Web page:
Figure 4. Gold stud bump, showing wire stub at top.
Figure 4. Gold stud bump, showing wire stub at top.

“Coining” by pressing the bumped die against a flat surface is a common method to reduce height variations and create larger contact areas. Figure 5 is a cross-section of a coined bump. Again, inadequate or non-uniform pressure across the die surface may cause some bumps to have varying heights, causing open or poor contacts. Pressure-sensing film would verify uniform bump height.

Figure 5. Cross-section of a coined gold stud bump connection.
Figure 5. Cross-section of a coined gold stud bump connection.

Bonding
Many common methods of flip chip bonding require controlled, uniform pressure to avoid opens, poor contacts, and die cracking:

  • Thermosonic bonding experiments found an optimum pressure for best bond adhesion. Higher or lower pressures gave poorer bond shear results (Tutorial 9). (Ref 3).

  • Thermocompression bonding requires higher bonding pressures than thermosonic, raising the consequences of inadequate pressure control. Copper/Copper thermocompression bonding of copper “nails” on a die to copper bond pads on a wafer has been demonstrated for high density 3D assemblies (Ref 4).

  • Copper/Tin interdiffusion bonding of chips to wafers in 3D heterogeneous assemblies depends upon proper pressure at 300°C to form a stable copper-tin intermetallic, with copper upper and lower bonding surfaces. (Ref 5)

  • Gold/Tin wafer bonding tests show that too much pressure causes squeeze-out of solder, potentially leading to open or short circuits. Non-uniform pressure may squeeze solder out in some areas, but not in others (Ref 1). The same problem could occur with large die in chip-to-substrate or chip-to-wafer Gold/Tin bonding.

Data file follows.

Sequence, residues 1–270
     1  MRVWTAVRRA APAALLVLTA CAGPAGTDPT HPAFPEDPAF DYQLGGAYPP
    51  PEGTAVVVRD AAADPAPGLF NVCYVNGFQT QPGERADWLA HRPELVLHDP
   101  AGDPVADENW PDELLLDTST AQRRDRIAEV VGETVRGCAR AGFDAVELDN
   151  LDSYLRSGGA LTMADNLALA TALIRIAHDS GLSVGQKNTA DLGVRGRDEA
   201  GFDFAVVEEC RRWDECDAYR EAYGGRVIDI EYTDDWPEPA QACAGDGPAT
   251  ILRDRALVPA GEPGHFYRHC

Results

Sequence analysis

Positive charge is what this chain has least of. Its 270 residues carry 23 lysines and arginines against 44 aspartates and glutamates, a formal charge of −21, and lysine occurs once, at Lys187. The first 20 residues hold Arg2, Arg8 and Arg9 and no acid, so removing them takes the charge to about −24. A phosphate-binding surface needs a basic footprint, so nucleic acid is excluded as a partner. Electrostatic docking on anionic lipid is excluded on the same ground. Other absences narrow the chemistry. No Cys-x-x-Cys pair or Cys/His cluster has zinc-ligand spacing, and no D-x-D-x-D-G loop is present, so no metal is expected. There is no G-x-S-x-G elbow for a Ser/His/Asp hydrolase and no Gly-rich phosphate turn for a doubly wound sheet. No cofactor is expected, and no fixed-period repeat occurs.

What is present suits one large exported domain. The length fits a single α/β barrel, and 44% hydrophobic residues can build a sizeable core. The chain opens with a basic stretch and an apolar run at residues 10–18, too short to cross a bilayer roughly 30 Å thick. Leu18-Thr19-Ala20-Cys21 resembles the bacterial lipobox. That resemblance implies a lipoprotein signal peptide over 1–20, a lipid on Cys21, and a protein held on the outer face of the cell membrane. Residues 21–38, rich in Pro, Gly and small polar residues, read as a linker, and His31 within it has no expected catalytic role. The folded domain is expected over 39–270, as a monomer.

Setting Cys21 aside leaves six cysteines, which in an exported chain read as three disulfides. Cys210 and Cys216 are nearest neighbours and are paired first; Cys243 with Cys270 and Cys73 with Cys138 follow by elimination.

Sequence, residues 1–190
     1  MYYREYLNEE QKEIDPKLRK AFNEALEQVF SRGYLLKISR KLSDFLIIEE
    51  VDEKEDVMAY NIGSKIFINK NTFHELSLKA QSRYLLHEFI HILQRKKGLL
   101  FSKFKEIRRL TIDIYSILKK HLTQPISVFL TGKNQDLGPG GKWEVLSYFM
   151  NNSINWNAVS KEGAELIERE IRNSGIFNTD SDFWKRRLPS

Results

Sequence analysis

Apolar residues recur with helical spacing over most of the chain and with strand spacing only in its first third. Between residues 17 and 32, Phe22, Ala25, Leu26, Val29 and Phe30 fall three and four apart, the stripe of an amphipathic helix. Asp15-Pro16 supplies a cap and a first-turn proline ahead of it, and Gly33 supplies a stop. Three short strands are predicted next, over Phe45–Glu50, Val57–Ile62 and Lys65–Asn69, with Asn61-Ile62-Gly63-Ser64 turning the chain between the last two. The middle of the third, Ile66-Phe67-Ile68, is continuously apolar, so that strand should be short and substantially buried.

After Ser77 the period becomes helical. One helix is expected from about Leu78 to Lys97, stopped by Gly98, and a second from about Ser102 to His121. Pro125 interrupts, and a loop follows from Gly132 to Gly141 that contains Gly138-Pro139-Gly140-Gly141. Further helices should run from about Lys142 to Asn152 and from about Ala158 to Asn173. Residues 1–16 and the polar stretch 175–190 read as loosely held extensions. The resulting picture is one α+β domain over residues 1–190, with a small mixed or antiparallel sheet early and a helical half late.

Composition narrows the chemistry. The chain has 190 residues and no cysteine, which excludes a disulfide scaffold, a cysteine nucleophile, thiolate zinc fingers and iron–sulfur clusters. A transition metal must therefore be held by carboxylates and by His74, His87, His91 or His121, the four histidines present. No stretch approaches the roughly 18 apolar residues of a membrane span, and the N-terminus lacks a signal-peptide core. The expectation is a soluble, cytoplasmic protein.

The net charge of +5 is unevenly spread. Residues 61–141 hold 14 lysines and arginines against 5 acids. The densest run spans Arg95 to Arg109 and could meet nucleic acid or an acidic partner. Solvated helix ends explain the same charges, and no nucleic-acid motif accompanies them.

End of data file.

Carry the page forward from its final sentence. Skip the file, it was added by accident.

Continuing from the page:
In conclusion, the performance of Pressurex® film in wafer bonding and the importance of quality control in all of the above assembly examples suggest that film pressure sensing could significantly improve flip chip assembly yield, costs, and set-up time.

References

  1. D. Spicer et al, Pressure Indicating Film Characterization of Pressure Distribution in Eutectic Au/Sn Wafer-to-Wafer Bonding, Proceedings International Wafer-Level Packaging Conference, pp. 135 139, October 27 - 30, 2009.
  2. R. Asgari, Copper Pillar and Micro Bump Inspection Requirements and Challenges, Proceedings International Wafer-Level Packaging Conference, pp. 186 188, October 27 - 30, 2009.
  3. L.K. Cheah et al, Gold to Gold Thermosonic Flip-Chip Bonding, Proceedings HDI 2001, April 2001, pp 165 175. See also Tutorial 9 .
  4. P. De Moor et al, "Recent Advances in 3D Integrations at IMEC," MRS Fall Meeting, November 27 December 1 2006,Boston. See also Tutorial 71 .
  5. M. Jurgen Wolfe, et al, Technologies for 3D Heterogeneous Integration, Proceedings of SMTA Pan Pacific Symposium 2008. See also Tutorial 90